If the basic Company Commander is too boring for you, consider upgrading him to the Lord Castellan himself, Creed. Creed is a man’s man, and commander’s commander. At 90pts, he nearly triples the base cost of a CCS, but brings a lot to the table. He may utilize four orders a turn, has a 24” order radius, and gets a bonus order. In addition, one unit in the army may scout. So, is he worth it? The answer, as always, is maybe. The four orders can be very clutch, combined with the larger range. In addition, his special rule makes a unit fearless and furious charging for a turn. Make a squad fearless, have it charge an enemy unit, tie it up, and then have it break and run in the opponents turn to shoot it up again. If successful, that combo alone can save a gun-line from a massive combi-charge. Going another way, a large combined platoon with power weapons and attached commissars with power weapons becomes very good when furious and fearless.
In addition, one 24” radius circle is better, in terms of area, than two 12” radius circles. What’s unspoken there is that in the builds that will include Creed (gun-lines), most of the guns are in the DZ anyway, making the two much closer in practice.
That brings up Creeds fatal flaw, which is that he alone costs more than second CCS with standard and three grenade launchers, which can spit out the same number of orders and shoot reasonably well, as well as help hold the leadership together. If you add Kell, his value goes up, but so does the total cost of the CCS in question. In general, I think there are better places for the IG player to spend the points in all but the largest games.
Speaking of the big guy, Kell adds the rule that most people expected with the orders system, namely the ability to test for them on the officer’s, not the squad’s, leadership. He also gets the bodyguard special rule, and includes the standard, making him really only a 70pt upgrade. In a large enough game, Creed and Kell allow up to four anti-tank squads to be twin linked against vehicles or monstrous creatures, which is pretty good until you realize that they do so for the cost of two more anti-tank squads. Doing the math, twin-linking four squads adds three hits per turn, which is exactly what two more anti-tank squads would add. In the end, with the IG in no way lacking ways to spend points effectively, spending 225pts simply to make other squad better seems unproductive.
If hand to hand hotness is your preferred brand of Company Commander, the legendary Iron Hand Straken is back; saved from the minor league that was the Catachan Codex. Straken does everything a normal Commander does, but adds two key things: vastly improved combat performance from his CCS, and Furious Charge and Counterattack for everybody in 12”. Now, nothing is going to turn basic IG squads into Hand to hand powerhouses, but those rules work on Grey Knights, Sisters of Battle, or in apocalypse, any friendly unit. The combos that can be created are endless, and furious charge really, really helps S3 models with power weapons. The old man himself makes his squad fearless, and is WS5, S6, I3 with a power weapon and four attacks. Toss in a plasma pistol, a 3+/5++ and an extra d6 Armor Pen against vehicles, and he’s the easy choice for a close combat oriented CCS. He’s clearly expensive at 95pts, but if you view him as a counter-charge unit that also makes the rest of the army a little bet punchier, or you build your list to really take advantage of his bubble of rage, he’s a very solid little guy.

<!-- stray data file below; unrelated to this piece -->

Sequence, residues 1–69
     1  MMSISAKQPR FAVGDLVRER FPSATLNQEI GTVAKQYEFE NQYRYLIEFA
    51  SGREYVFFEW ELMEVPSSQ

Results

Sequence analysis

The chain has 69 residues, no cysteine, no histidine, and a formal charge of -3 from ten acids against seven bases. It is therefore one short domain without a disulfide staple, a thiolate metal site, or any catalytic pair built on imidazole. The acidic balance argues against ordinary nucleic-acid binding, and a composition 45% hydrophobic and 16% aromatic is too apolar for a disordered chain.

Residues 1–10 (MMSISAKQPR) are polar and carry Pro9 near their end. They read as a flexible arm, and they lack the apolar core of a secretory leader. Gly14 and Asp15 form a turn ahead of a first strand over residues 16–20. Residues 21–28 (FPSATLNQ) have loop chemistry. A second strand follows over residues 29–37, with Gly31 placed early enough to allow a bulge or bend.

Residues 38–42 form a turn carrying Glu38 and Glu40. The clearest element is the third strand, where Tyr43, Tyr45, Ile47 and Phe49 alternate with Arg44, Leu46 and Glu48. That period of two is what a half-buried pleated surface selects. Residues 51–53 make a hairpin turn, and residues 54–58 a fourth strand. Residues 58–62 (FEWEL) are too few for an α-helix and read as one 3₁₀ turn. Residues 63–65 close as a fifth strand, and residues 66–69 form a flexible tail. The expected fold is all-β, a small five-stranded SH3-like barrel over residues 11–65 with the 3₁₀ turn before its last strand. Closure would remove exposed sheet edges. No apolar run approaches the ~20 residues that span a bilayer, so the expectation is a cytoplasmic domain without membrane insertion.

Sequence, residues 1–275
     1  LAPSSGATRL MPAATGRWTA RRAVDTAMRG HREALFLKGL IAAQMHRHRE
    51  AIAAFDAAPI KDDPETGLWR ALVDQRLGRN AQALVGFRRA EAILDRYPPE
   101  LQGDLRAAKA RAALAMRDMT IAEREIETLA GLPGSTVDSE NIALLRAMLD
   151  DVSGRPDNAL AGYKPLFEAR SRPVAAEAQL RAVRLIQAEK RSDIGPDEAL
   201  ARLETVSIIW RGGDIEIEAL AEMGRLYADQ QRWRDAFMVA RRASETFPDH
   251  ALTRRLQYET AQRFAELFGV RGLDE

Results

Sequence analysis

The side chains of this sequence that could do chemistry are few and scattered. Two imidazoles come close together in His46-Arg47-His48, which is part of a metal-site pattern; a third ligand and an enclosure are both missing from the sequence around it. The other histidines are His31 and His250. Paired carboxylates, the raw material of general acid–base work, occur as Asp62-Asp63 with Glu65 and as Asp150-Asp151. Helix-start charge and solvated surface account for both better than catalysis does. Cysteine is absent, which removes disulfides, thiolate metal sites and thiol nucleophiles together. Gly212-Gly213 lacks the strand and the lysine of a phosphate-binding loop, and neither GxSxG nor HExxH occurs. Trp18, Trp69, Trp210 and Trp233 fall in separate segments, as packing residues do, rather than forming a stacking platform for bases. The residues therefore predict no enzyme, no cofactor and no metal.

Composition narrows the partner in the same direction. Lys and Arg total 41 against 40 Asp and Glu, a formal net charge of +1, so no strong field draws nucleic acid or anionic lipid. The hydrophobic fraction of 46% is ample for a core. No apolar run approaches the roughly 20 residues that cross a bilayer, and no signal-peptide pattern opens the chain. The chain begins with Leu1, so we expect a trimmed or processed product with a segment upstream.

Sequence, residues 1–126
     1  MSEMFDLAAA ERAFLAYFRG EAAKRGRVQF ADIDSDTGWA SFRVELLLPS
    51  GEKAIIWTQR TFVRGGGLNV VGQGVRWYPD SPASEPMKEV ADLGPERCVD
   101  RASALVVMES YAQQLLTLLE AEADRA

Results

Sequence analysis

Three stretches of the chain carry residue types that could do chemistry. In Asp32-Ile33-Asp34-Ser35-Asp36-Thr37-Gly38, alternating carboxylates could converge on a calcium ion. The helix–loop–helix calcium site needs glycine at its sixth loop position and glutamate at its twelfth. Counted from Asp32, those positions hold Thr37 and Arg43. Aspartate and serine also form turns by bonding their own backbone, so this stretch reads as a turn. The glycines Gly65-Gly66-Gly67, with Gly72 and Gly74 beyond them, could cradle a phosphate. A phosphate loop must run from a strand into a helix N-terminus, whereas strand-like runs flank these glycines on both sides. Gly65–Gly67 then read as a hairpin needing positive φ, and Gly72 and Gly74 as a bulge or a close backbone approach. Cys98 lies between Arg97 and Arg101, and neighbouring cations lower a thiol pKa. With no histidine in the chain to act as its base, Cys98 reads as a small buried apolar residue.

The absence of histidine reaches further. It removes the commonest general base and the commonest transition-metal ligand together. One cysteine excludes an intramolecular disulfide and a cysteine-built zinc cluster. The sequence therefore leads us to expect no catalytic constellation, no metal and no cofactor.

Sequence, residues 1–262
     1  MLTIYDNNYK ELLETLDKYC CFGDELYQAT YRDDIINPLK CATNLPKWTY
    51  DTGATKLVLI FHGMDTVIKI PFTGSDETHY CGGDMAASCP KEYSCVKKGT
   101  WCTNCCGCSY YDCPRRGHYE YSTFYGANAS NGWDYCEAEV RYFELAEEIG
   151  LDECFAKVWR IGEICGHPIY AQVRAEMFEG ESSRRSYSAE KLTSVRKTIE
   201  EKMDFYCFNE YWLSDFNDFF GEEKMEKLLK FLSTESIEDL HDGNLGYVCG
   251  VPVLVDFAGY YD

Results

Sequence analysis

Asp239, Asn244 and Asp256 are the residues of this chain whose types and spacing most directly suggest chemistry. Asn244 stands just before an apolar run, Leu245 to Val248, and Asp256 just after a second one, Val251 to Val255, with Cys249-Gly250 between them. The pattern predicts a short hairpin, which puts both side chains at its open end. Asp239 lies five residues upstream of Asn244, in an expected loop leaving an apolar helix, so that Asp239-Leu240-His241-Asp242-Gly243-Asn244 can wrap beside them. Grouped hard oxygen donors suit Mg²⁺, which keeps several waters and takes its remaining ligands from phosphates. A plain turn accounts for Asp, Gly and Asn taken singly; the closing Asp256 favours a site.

Finally, because every giant entry needs a truly awful option, Nork Dedogg makes a long awaited return to the ranks of the IG. Nork brings next to nothing to the table, adding three wounds with FnP to a squad, but lacks a power weapon, an invulnerable save, or any way to actually protect his charge. A true half priced rule special, Nork would be tough call at 50pts. At 110pts, he’s more expensive than any of the officers he’d protect, and is truly one of the worst options in the book. It’s a shame, because Nork has some of the best background in the game, and is really one of the few heartwarming aspects of 40k, as he ends up retiring back in his Ogryn village. In the game though, he’s terrible.
In general, I think there will be two main builds of CCS: the mechanized or air mobile variant with four meltas, maybe an astropath, built to blow stuff up and support equally mounted vets; and the gunline anchor with standard, astropath and/or MoO, possibly creed/kell, and a chimera to increase order range. Both are pretty fun and useful units, and help to hold together two very different kinds of armies. Even viewed as a cheaper, non-scoring alternative to veteran squads, the CCS will be a big part of many, if not most IG armies. Add in the ability to take two, and they’re very punchy units for not a lot of points.
CCS: Highly Competitive
Bodyguards: semi Competitive
Master of Ordnance: Competitive
Astropath: Highly Competitive
Fleet Officer: Semi-Competitive
As the diligent reader may have noticed, in the list of regimental advisors the old favorites, the Commissar, priest, and sanctioned psyker were all missing. All are still in the list, just no longer available to the CCS as upgrades. Rather, they are all independent characters (although low level commissars can be added to platoons), able to roam at will, but also costing a key HQ slot. Were before IG rarely, if ever, used their second HQ slot, the ability of a CCS to act like a turbocharged Veterans squad makes the HQ slots have a bit of a premium. That all said, the various IC’s all add something new to the list, or in the case of the Lord Commissar, something old, just shifted to a new model.
The Lord Commissar seems to have two roles: as a sort of low rent combat character, and as Morale booster to an IG fire base. In the second role, he arguably does pretty well. Lords have the Aura of Discipline rule, which is essentially the old Leadership rule only with a 12” range. As Lords are LD 10, that makes them pretty good at preventing LD7 heavy weapon squads from running away. The lord also makes any squad he joins Stubborn. I’m very leery about the abundance of Stubborn in the IG list now, as Stubborn really doesn't help the IG that much. There are no real negative modifiers in shooting anymore, with 5th edition rules and no more Fear of Darkness, so Stubborn only is useful in combat, where half the time you want your guardsmen to run anyway. Sure, it’s nice to charge into the enemy, and hold for a turn to deny him a monster charge, but it takes a deft touch. Rather than a universal positive, it’s at best a 75% positive.